This third SOV production from indie horror director Eric Stanze shows plenty of the flair that has marked his latter productions, that include ICE FROM THE SUN and SCRAPBOOK, and in many ways sets a standard that aspiring low budget filmmakers would do well to emulate.
The plot is pretty standard fare, drawing from numerous real Cherokee myths, told to Stanze in the Jefferson County, Missouri region where the film was shot, and with more than a passing nod to THE EVIL DEAD. A group of teens head out to their uncle’s lakeside home in order to help him clean up the place, and renovate an outbuilding. Camping by the river’s edge Uncle Gary (Rick Fischer) explains that the area was once inhabited by a Cherokee tribe who practiced ancient magic, and tells them the legend of the 'Trail of Tears' involving a series of mysterious stones that he found washed ashore recently during a flood. The stones supposedly contained trapped demonic spirits that could be unleashed to possess the living if any blood descendent of the old Cherokee elder (Wes Robertson) should come into contact with them.
Pretty soon, strange beings are seen prowling the woods. Cue an assortment of gory set pieces that include chainsaw dismemberment, throat ripping, and flesh chewing, courtesy of Tony Bridges, whose monstrous creations, especially the main demon, Retlawkoob (Jerry Bates), are pretty impressive.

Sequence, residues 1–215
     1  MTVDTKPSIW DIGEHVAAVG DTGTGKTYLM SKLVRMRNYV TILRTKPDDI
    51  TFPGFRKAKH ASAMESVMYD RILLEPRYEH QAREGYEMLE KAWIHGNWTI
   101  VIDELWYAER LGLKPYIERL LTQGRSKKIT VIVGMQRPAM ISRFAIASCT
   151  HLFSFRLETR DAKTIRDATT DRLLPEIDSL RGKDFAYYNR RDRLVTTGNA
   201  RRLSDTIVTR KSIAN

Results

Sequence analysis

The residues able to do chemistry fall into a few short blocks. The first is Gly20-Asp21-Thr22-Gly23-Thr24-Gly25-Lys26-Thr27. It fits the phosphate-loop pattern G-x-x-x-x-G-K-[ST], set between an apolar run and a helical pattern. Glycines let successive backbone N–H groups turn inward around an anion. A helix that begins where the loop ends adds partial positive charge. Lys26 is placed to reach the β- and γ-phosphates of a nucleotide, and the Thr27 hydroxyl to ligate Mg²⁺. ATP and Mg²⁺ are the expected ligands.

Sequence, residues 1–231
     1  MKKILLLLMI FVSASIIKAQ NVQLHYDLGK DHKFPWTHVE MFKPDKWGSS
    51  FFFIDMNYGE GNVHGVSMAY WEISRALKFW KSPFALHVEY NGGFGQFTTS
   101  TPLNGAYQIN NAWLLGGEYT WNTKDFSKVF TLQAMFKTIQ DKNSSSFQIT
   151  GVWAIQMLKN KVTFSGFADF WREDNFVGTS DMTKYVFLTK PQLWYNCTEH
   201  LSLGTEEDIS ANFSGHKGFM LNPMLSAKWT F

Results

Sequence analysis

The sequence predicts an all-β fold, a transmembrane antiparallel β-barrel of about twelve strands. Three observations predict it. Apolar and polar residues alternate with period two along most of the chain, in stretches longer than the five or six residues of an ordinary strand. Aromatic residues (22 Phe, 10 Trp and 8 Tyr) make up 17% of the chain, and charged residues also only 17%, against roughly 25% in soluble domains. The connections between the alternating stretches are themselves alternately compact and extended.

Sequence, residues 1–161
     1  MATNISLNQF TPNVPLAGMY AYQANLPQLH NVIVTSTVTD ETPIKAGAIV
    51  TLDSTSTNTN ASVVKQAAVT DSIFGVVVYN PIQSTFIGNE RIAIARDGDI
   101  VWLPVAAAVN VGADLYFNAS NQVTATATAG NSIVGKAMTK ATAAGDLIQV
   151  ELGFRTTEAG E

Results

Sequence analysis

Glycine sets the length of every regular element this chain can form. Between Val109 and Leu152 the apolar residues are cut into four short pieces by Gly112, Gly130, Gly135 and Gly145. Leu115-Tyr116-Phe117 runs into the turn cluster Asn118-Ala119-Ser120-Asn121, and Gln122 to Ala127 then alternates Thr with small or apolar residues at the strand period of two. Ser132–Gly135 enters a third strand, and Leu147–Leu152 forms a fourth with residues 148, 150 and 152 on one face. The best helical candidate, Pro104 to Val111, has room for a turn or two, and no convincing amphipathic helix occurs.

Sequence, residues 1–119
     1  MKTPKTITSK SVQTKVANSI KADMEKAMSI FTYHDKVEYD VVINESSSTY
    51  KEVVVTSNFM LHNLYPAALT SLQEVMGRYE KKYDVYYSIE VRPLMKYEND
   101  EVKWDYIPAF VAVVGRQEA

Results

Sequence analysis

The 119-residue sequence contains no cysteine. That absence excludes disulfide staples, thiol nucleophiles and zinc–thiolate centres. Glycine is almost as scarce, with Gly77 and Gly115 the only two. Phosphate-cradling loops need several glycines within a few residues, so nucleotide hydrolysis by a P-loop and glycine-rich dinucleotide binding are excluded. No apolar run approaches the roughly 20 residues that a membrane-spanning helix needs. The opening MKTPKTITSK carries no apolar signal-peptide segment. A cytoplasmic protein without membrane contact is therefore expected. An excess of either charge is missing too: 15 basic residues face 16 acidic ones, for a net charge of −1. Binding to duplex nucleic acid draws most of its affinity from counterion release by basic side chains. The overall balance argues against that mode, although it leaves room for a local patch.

Despite the fact that filming spanned 29 days during Summer, Autumn, and Winter, and concerns events taking place in just twenty-four hours, continuity problems usually associated with low budget moviemaking involving make-up, styling, and set design appear to be non-existent. The acting is especially good, considering the cast comprised of unpaid acquaintances (many of whom are Stanze regulars), though characterisations could have been fleshed out a little to provide audience empathy, when the inevitable attacks take place.
The soundtrack is a little jarring in places, and I had difficulty ascertaining what characters were saying in several scenes, but that’s to be expected in a $4000 budget production. The lighting is particularly effective espcially where the action takes place in the darkness of the woods, and Stanze’s creeping camera makes the very best use of surrounding and incidental occurrence; most notably SAVAGE HARVEST's amazing opening sequence depicting the Midwest’s Great Flood of ’93, which was shot by Stanze and incorporated into the plot for maximum production value.
This new DVD from Sub Rosa includes a fascinating documentary detailing the problems of production, and makes this edition an essential purchase for fans of demonic splatter, even if you already have the previous VHS release.
Carl T. Ford
Directed by Eric Stanze
USA / 1995 / 72 minutes.
SPECIAL DVD FEATURES
A Sub Rosa Studios DVD
All region. NTSC. Stereo.